“In the cabinet room today there was an energy, a feeling that after so long of showing restraint we had finally acted,” said Mark Regev, spokesman for Prime Minister Ehud Olmert, speaking of the weekly government meeting that he attended.Noah Pollak writes that Israel may indeed have regained some of that aura--and maybe did not lose as much respect as it thinks:
Mark Heller, a senior researcher at the Institute for National Security Studies at Tel Aviv University, said that that energy reflected the deep feeling among average Israelis that the country had to regain its deterrent capacity.
“There has been a nagging sense of uncertainty in the last couple years of whether anyone is really afraid of Israel anymore,” he said. “The concern is that in the past — perhaps a mythical past — people didn’t mess with Israel because they were afraid of the consequences. Now the region is filled with provocative rhetoric about Israel the paper tiger. This operation is an attempt to re-establish the perception that if you provoke or attack you are going to pay a disproportionate price.”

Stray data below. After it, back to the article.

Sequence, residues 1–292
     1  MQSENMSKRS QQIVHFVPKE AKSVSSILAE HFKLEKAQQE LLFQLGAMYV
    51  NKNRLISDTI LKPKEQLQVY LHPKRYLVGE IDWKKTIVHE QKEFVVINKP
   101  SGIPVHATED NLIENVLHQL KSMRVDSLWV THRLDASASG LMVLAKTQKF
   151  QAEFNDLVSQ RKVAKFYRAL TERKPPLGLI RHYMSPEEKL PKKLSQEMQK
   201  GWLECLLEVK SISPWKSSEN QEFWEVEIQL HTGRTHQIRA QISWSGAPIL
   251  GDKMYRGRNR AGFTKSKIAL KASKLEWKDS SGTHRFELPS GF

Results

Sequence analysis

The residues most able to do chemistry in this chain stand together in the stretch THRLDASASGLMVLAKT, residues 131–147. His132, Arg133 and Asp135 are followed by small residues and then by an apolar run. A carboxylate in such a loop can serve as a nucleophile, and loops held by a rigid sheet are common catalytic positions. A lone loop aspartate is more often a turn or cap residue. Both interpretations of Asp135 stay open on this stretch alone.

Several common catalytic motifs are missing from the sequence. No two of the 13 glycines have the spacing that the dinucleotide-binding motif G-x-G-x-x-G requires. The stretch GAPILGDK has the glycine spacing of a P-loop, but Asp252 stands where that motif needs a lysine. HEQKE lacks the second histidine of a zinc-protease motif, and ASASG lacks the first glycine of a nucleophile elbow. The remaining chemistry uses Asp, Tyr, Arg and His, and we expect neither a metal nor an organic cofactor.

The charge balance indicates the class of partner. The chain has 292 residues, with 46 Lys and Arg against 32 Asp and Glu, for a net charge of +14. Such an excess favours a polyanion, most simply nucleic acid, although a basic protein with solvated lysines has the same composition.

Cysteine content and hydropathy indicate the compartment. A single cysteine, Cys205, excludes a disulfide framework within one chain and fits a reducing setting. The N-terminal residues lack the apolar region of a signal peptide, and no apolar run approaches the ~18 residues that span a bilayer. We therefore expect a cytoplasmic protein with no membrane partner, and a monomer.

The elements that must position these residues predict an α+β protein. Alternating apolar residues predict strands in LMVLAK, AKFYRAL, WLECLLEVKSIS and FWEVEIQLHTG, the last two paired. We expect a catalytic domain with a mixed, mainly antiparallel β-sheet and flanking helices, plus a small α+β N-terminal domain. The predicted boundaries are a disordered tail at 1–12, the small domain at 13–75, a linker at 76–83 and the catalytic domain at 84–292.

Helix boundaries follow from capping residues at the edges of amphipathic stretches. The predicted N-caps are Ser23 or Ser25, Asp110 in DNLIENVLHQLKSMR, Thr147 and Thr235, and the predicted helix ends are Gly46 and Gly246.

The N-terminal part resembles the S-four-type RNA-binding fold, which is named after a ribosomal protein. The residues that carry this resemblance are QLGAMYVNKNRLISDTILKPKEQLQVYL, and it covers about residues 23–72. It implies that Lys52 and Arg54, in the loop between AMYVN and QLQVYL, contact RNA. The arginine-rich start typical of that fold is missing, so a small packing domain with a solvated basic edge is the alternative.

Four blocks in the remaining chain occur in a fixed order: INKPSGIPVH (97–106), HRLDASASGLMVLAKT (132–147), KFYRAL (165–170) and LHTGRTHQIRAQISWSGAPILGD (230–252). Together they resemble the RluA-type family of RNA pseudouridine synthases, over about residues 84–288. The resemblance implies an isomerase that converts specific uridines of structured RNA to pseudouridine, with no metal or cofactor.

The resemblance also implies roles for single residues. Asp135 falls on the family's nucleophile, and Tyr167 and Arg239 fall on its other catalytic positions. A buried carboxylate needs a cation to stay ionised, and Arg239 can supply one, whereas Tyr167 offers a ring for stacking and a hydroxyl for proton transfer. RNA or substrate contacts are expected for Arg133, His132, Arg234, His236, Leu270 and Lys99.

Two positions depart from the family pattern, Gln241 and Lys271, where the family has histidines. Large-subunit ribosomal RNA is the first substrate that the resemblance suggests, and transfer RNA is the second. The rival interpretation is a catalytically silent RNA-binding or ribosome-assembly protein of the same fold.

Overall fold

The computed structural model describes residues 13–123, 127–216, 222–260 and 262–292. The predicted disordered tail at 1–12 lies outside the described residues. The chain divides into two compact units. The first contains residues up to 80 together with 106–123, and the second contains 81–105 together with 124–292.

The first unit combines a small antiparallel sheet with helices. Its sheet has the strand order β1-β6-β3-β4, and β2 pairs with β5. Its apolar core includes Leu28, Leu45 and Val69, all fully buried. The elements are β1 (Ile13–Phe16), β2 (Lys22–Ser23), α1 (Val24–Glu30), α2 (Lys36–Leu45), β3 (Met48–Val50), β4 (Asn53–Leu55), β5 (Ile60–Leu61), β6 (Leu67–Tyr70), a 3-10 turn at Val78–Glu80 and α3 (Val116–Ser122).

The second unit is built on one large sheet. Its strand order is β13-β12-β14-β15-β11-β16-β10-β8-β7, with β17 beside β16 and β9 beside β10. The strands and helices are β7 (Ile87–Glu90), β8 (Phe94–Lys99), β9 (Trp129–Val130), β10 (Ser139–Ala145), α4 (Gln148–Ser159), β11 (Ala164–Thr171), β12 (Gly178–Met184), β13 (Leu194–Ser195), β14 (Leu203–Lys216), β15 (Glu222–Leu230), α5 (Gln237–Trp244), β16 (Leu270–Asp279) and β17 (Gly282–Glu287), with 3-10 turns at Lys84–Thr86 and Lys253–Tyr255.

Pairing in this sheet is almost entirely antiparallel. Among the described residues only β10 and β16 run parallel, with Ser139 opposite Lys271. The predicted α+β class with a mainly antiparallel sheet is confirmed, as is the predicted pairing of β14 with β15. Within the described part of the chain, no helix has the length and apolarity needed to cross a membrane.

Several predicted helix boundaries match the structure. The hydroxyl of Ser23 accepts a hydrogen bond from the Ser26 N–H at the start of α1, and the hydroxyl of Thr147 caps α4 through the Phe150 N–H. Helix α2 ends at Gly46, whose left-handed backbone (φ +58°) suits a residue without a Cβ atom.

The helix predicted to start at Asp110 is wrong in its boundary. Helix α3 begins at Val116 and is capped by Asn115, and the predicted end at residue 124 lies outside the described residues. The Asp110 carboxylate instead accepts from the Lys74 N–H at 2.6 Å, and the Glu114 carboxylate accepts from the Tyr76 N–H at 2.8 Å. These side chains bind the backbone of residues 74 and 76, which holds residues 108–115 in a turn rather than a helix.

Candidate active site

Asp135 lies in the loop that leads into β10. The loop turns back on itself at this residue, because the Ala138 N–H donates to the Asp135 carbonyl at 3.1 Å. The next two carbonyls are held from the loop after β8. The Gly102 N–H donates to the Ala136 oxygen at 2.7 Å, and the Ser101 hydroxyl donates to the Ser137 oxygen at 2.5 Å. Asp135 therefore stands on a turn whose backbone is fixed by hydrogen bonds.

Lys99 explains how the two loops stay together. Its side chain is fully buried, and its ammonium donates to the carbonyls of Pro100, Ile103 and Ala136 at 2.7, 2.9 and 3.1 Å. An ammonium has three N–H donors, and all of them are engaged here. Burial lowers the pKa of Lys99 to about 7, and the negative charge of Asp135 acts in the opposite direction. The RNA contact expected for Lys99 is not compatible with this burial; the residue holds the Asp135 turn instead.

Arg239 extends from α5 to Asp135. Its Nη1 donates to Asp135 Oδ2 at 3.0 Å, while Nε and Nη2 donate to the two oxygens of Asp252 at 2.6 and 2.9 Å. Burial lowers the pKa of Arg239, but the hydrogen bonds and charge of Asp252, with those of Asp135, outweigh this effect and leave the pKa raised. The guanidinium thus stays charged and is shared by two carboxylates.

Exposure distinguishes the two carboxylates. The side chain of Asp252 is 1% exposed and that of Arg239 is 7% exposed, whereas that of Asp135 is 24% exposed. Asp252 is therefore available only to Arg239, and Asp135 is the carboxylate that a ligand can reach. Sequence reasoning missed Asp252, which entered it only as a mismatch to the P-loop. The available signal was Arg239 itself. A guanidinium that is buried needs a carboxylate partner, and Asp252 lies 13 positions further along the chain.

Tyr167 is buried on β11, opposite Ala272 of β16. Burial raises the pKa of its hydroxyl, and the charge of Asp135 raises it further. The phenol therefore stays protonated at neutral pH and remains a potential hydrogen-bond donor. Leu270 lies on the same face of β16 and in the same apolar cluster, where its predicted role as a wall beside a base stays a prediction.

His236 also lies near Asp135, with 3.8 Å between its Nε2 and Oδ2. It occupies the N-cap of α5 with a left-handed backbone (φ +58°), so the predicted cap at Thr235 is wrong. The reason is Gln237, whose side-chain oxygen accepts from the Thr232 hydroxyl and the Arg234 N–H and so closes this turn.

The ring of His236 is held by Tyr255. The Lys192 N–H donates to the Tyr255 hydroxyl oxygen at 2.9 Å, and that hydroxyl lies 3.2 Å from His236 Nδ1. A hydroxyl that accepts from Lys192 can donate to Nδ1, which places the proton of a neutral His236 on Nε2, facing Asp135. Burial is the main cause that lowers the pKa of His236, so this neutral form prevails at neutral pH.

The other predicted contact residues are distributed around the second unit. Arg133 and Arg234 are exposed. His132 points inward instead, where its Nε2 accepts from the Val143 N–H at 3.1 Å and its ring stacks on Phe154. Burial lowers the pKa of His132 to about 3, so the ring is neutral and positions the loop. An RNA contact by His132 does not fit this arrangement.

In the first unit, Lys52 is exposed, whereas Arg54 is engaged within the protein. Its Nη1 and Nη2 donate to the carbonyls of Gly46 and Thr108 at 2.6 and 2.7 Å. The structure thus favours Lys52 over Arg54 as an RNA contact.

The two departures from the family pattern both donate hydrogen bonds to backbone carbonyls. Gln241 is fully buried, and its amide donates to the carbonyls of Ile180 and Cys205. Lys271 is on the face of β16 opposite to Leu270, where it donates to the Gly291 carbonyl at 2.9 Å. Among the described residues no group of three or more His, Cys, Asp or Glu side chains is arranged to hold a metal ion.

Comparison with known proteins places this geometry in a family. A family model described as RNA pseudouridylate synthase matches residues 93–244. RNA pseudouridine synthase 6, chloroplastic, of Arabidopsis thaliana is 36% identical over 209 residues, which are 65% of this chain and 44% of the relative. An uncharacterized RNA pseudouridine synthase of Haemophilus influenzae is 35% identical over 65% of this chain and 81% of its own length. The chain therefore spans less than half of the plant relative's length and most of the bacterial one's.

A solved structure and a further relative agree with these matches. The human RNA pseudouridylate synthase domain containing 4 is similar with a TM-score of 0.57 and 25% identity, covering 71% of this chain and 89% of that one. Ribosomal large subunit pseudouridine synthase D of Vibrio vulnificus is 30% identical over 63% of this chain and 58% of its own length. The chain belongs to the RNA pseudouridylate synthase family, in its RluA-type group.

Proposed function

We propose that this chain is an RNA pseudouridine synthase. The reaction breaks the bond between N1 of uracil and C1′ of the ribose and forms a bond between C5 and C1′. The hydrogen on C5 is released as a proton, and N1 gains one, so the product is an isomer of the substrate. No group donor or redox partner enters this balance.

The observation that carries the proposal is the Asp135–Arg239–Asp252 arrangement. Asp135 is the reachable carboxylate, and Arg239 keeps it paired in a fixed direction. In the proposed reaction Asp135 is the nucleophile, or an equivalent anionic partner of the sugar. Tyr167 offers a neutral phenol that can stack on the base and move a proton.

As a matter of fact, it’s interesting to note that since the summer 2006 war, Hezbollah has been completely quiet on Israel’s border — even after their terrorist superhero, Imad Mughniyah, was assassinated, and Syria’s nuclear reactor was bombed, and Hezbollah’s liason to Damascus had an unfortunate run-in with a rifle bullet on his balcony one afternoon. Right now, Nasrallah futilely rants from Lebanon, while Hezbollah watches its ally in Gaza get pummeled. Deterrence is a real thing, and while it’s too early to judge the outcome of the current engagement, it’s also too early to declare that Hamas’ experience of being whipped and humiliated — the first time in the group’s history — will not establish some new behavioral guidelines.Let's not forget, Nasrallah is not only ranting futilely, he is ranting while hiding in an underground bunker.